When the talk is over, they ask me questions. How much is gasoline going to cost? I tell them that it will be more expensive, sure, but that may not be the problem. The real problem will be to find it. Long lines at the gas stations, very probably. They understand the point: apparently it was the way things were in former Yugoslavia. They ask me what kind of car is best to buy and to use. I know that there doesn't exist a Mercedes that a Rom won't like, and when I tell them that they should buy a cheap car with a good mileage, they are not happy. They ask me what they should do. I say that they should try to adapt and be flexible. They nod; that is a strategy that they know very well. In the end, they ask me if the end of the world will be in 2012. I laugh, they laugh, too. But they seem to be relieved: they were a little worried.

In the days that follow, I inquire with the social workers and with the Roma themselves. What was the impact of my talk? Everyone tells me that they have been discussing what I said; that they have been impressed. But I didn't expect anything to happen and, indeed, that's the final outcome. Nothing changes in the life of the camp.

When you present peak oil to middle class people, the reaction may be denial or mobilization. But rarely you see people who have understood peak oil who are indifferent to it and there are good reasons for that. If you are middle class, you can see right away how peak oil can hurt you. You depend on a salary and, if your job vanishes because of peak oil, you'll be in deep trouble. You have to pay your mortgage, your health insurance plan, instruction for your children, and all the rest. Peak oil can destroy you. But, as a middle class person, you may think that you can prepare for peak oil, that you have spare resources to do something about it. Probably it is a wrong perception but it may lead you to do such things as installing solar panels, insulating your home, buying a smaller car, that kind of thing. If, instead, you think that you don't have that kind of resources, or you don't want to use them in this way, your reaction may very well be to shut off the concept from your consciousness as much as you can.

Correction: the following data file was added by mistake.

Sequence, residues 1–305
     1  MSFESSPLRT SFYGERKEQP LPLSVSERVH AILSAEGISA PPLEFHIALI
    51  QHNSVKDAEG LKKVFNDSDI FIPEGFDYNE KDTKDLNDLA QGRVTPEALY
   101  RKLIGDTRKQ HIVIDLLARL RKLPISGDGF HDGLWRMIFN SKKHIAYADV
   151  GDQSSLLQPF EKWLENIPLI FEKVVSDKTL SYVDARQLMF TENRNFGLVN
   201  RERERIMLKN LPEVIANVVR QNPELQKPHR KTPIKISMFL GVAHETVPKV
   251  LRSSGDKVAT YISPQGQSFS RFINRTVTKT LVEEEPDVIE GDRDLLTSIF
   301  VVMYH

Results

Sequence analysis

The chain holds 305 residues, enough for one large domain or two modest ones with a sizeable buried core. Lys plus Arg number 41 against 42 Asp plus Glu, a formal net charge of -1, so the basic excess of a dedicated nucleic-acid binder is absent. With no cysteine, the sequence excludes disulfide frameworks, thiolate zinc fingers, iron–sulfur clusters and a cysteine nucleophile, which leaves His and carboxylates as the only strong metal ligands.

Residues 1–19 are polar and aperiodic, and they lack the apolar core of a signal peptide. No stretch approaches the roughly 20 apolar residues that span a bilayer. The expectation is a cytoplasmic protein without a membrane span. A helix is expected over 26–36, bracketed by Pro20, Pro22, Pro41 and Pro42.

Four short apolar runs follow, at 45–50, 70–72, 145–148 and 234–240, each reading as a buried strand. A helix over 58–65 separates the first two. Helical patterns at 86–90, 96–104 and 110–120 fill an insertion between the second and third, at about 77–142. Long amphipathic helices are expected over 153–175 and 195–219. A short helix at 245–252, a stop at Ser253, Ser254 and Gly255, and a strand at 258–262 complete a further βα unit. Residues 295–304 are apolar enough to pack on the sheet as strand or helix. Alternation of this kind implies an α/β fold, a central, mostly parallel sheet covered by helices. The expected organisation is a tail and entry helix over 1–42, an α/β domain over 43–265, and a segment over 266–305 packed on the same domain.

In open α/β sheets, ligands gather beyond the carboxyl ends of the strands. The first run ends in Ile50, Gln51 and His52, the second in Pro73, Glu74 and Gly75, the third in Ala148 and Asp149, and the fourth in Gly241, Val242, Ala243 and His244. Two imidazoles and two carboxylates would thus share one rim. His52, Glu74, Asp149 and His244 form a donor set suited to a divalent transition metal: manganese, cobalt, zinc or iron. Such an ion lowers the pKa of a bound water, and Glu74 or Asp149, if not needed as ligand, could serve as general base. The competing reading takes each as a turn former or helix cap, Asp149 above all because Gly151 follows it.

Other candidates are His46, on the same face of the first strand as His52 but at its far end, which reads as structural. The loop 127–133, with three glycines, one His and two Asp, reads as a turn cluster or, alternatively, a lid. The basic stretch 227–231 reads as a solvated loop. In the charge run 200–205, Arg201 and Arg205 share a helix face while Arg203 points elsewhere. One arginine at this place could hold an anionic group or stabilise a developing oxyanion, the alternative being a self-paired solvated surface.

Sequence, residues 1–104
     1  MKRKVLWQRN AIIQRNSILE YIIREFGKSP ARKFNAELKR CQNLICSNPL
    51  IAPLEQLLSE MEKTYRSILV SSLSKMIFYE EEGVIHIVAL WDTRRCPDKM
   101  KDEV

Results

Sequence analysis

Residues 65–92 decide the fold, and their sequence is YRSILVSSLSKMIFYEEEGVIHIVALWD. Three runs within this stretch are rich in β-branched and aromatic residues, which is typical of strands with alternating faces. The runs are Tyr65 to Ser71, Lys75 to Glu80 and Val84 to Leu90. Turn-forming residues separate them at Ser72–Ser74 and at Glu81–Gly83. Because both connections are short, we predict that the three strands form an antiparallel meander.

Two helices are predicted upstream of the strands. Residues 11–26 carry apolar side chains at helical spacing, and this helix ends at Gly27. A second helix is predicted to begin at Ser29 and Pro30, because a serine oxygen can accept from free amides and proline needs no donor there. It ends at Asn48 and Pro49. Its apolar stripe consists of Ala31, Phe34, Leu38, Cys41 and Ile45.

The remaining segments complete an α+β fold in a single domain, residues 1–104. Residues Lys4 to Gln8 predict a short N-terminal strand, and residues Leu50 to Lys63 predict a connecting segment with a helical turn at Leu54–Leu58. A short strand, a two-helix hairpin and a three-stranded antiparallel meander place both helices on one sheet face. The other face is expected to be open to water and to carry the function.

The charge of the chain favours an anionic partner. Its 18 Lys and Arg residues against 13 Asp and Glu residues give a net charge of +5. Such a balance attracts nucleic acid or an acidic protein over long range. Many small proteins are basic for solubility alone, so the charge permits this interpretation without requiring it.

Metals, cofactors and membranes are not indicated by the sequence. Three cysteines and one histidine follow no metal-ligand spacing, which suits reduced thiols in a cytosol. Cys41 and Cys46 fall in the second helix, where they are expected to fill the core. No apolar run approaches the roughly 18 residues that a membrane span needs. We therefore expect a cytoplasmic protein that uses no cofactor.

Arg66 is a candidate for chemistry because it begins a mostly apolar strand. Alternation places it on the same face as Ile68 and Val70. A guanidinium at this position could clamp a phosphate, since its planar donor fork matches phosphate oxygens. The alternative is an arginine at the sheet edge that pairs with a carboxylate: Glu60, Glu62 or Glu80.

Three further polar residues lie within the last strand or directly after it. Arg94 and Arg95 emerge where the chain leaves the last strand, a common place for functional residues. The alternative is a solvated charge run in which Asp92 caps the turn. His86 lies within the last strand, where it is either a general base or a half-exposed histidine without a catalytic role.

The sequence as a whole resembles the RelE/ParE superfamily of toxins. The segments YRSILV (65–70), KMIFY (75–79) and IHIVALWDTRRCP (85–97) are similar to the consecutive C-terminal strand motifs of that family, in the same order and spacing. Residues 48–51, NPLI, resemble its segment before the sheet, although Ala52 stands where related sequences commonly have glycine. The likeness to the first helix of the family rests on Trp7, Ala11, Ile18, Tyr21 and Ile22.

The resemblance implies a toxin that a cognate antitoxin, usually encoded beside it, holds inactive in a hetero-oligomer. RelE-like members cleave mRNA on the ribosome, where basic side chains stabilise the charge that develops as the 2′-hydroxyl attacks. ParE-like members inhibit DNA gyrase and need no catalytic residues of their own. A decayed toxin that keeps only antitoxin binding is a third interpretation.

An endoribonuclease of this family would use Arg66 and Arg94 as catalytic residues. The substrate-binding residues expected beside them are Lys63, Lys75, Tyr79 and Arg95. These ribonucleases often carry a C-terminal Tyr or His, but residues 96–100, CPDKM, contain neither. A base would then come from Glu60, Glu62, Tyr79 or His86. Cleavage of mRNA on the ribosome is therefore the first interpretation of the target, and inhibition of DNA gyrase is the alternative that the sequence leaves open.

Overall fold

But think of your situation as a Romani person. You have no stable job; so you can't lose it. You don't own a house, so you can't be evicted. Nobody will give you credit, so you'll never be in debt. You have no retirement plan, so you rely on your children for support when you'll be old. It is true that you depend on welfare, but you also know that you can live with very little. Finally, you live in a close-knit community formed of family clans. You quarrel with your neighbors and relatives all the time but you know that in a difficult situation, they'll help you if they can.

Peak oil will be hard on the Roma, just as it will be on us, but they have a fighting chance of surviving it. In several ways, they are already post peak.

A few days after my talk on peak oil, a Rom of the camp, one of the married men, tells me something like this (I am trying to report it maintaining the rhythm of it)
You see, professor, I think you were right with your lesson. Yeah, you told us that things are not going to be so easy as they used to be. Right, we saw that, too. It is what's happening. You know, I remember when we came here from Yugoslavia. I was a child; I was 10 years old but I remember that very well. It was so different, here. We saw so much wealth: lights and cars and houses and stuff in the supermarkets. Yeah, we had never seen anything like that. In Yugoslavia there was nothing. And so, we were all very happy, but I think we made a big mistake. You know; I remember my grandfather. He was a good man; he could work metals; he could fix pots and pans and sharpen knives. So, he told me that I should learn his job; but I didn't want to. I was very young; I wasn't that smart but, see, professor, I think we all made the same mistake. Many of the old folks could do things. Like singing or playing instruments, buying and selling horses. But we can't do that any more. We didn't want to learn. We saw all this wealth, here, and we thought that there was no need of working so hard. If there was so much wealth; why couldn't we share a little of it? We didn't want to be rich; we just wanted a little - enough to live in peace. And we thought it would last forever. But, you are right, professor, it is not going to last forever. And now we are in trouble.
I find that impeccable. Isn't that the same mistake we made with crude oil?


Ugo Bardi is a member of the Club of Rome, faculty member of the University of Florence, and the author of "Extracted" (Chelsea Green 2014), "The Seneca Effect" (Springer 2017), and Before the Collapse (Springer 2019)